Kenya banking sector contributes significantly to taxes

From left: Kenya Revenue Authority (KRA) Deputy Commissioner – Domestic Tax, Caxton Masudi, PricewaterhouseCoopers (PwC)- Head of Tax, Steve Okello, PwC- Tax Partner, Titus Mukora and Kenya Bankers Association (KBA) CEO, Habil Olaka. This was during the PwC report launch on the Total Tax Contribution for the banking sector, held at Serena Hotel.

PwC Kenya in partnership with the Kenya Bankers Association (KBA) has released a report on the Kenya banking sector’s total tax contribution.

 The first of its kind in Kenya, the report outlines the tax contribution of the banking sector in forms of taxes borne by the banks such as corporation tax, irrecoverable VAT,  Pay As You Earn ( PAYE), excise duty and withholding tax.

The report covers the 2017 and 2018 financial years and involved 38 banks and microfinance institutions which made a total tax contribution of Kshs. 108.1 billion and Kshs. 99 billion in 2017 and 2018 respectively. This demonstrated the critical contribution of the industry to the country’s revenue.

Titus Mukora, tax partner at PwC Kenya, said the purpose of the study was to quantify the tax contributions and draw connections between them and economic development such as the interest rate caps and the adoption of technology by banks.

“Our analysis segments   tax contribution into taxes borne and taxes collected. Taxes borne are those which are direct costs to a business such as corporation tax and irrecoverable VAT. Taxes collected are those that a business collects from taxpayers on behalf of the government such as PAYE and withholding tax,” said Mr. Mukora.

According to the report, in the two years, banks contributed a total of Kshs. 207.2 billion in taxes. However, there was a decline in tax contribution from 2017 to 2018 attributable to reduction in taxes borne by banks, and in particular a reduction of the corporation tax paid. This was a result of low profits reported in 2017 relative to 2016.

“The reduction in 2017 profits corresponds with the full year of interest rate cap coupled with a prolonged electioneering period,” the report states.

The result was large corporate tax over-payments in 2017 were utilised against 2018 corporate tax due, leading to a decline in corporate taxes paid in 2018.

The decline in taxes arising from declined profitability in 2017 is reflected in the reported year on year decline of the industry’s net income (of – 4.79%) for the period 2016 to 2017. This is also reflected in the decline in growth of net assets in the sector in 2017 of 6.8% down from an 11% growth in the previous year.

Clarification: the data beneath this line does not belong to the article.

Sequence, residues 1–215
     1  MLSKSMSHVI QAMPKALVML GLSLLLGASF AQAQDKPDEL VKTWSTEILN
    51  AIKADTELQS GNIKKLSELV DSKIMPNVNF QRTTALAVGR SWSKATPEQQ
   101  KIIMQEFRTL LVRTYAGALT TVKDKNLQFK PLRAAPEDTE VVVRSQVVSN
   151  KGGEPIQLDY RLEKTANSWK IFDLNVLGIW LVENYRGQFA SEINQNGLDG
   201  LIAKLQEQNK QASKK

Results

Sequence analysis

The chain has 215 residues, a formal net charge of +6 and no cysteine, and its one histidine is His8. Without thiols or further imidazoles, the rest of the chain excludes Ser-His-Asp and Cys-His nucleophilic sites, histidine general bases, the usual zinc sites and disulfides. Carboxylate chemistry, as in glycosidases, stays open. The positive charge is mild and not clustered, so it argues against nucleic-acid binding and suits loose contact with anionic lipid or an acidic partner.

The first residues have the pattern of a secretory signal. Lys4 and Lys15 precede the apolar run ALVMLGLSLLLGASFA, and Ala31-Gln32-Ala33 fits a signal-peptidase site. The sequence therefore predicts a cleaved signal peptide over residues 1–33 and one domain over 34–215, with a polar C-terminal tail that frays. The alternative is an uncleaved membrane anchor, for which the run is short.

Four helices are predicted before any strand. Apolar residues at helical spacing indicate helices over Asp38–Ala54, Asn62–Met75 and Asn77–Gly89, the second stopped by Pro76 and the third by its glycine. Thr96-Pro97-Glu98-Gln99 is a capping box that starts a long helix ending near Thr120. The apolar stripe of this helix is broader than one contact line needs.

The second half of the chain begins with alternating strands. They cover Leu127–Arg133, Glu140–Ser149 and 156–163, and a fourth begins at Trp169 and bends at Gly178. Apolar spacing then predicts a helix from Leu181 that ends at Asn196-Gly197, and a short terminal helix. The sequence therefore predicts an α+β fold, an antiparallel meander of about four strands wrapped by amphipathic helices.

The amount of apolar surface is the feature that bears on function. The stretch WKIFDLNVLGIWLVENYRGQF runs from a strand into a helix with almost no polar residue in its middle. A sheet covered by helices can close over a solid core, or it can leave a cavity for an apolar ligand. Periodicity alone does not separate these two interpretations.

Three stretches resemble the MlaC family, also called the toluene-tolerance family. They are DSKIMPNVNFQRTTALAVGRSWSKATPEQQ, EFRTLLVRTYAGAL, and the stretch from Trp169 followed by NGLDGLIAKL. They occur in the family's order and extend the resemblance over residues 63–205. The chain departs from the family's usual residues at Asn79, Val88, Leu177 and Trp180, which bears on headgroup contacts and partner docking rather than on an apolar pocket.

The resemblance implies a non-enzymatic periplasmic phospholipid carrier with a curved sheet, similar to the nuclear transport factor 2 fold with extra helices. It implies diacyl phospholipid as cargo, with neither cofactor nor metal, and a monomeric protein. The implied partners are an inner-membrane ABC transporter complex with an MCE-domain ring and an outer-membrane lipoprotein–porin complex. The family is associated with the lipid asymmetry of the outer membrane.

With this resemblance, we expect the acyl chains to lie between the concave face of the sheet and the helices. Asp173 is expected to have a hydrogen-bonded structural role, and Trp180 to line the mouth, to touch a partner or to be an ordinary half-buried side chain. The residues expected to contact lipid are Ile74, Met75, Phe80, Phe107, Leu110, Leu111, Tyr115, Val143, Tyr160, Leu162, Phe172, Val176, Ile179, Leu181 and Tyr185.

The report shows that taxes collected grew by 10% from 2017 to 2018 (Ksh46.1 billion to Ksh50.7 billion). This growth was largely due to a 40% increase in excise duty which resulted from an increase in excisable fees and commissions charged by banks to customers as well as an increase in the excise duty rate charged by the sector from 10% to 20% within 2018.

 Further, it indicates that for every Kshs. 4 of corporation tax paid in Kenya, approximately Kshs. 1 was paid by the banking sector. This translates to 26% of the corporate taxes collected by the Kenya Revenue Authority (KRA).

Kenya Bankers Association (KBA) chief executive officer Dr. Habil Olaka while speaking during the launch said they were pleased that PwC has underscored their findings from an internal review.   “KBA’s shared value report has understated the industry’s tax contribution, and PwC has facilitated in providing an even clearer picture in terms of how banks lead in the area of tax compliance and contribution to the national budget,” Dr. Olaka observed.


“Banks operate in a highly regulated environment and this has led to very high levels of transparency,” he further said adding that when transparency levels are elevated, inevitably the levels of tax compliance become very high and the relative and absolute quantum of tax paid to the government is enhanced. In 2018, the financial services sector’s contribution to the gross domestic product ( GDP)  growth ranged from 0.1% to 0.2%. Having in mind that the sector is not a significant driver of GDP growth, the high corporate tax contribution is also an indication of high levels of regulation and compliance in the industry.



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